Pageland | Olde English District

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Pageland (c. 1788; 4.4 sq. miles; population: 3,000).

Pageland Watermelon Festival

The area now known as Pageland has been continuously occupied since 1788. Reece Shelby, Sr., received a land grant of 300 acres and left Union County, North Carolina to live the remainder of his life in Chesterfield County. Reece and his brother, Moses, made their home in North Carolina after serving in the Revolutionary War.

By 1900, the area was called Blakeney’s Crossroads. It was then decided that the Cheraw-Lancaster Railroad would be laid near the cross road. A depot was erected when the railroad reached there in 1904 and it continued construction to the Crow/Burk area but never reached its destination at Lancaster. Soon after the railroad arrived, the town was born. Chesterfield Land & Development auctioned off lots and the lay out of the town was developed by an engineer.

The 157 inhabitants of the soon to be town petitioned for incorporation late in 1907 and was granted such on January 11, 1908. Adolphus High “Dolly” Page was the C&L Railroad engineer responsible for the railroads placement through Blakeney’s Crossroads. Pageland was named in honor of Mr. Page. Being at the crossroads, the town grew quickly and became a popular stopover for travelers. The Blakeney Hotel was built in 1910 and was the place to stay. It originally housed a bank, feed store, a casket shop, and the hotel. It was also know for its good food and the talking parrot.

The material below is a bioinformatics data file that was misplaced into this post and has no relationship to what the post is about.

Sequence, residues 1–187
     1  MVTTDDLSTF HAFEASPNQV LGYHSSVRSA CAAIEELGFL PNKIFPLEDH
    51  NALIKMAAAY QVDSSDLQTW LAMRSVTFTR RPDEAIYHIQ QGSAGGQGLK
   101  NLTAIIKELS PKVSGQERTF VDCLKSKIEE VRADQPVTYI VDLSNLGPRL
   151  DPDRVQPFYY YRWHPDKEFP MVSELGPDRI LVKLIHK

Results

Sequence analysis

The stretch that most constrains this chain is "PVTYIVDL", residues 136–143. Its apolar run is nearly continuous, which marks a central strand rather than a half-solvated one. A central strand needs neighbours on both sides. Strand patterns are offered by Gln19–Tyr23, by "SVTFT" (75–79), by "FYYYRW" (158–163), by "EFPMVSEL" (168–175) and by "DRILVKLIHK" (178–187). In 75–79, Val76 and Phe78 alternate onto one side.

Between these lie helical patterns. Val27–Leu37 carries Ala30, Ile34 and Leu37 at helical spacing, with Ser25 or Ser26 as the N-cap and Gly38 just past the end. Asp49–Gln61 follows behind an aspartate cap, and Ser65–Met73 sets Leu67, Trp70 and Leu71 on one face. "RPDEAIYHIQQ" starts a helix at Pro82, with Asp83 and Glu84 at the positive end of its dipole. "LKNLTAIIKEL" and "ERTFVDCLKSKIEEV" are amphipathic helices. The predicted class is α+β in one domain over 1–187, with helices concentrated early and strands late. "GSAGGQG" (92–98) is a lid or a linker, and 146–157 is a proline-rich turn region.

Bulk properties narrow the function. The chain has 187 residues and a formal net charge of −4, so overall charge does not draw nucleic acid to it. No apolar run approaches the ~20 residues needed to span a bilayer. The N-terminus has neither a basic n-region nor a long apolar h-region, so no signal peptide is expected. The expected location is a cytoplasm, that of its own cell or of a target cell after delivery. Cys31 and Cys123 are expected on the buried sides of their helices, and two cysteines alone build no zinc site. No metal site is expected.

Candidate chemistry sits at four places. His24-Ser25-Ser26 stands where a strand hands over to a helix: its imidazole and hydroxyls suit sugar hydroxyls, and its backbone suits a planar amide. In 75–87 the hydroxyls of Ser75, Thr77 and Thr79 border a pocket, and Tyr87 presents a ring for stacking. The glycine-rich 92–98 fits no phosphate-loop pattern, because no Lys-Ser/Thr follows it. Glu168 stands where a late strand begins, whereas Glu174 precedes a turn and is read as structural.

Pageland continued its growth, and along the way, became known as the Watermelon Capital of the World. An annual celebration—the Pageland Watermelon Festival—was born in honor of the fruit and the farmers. Today, the festival continues each July, just when the melons start coming out of the fields. Thousands of visitors come to Pageland during the weekend event.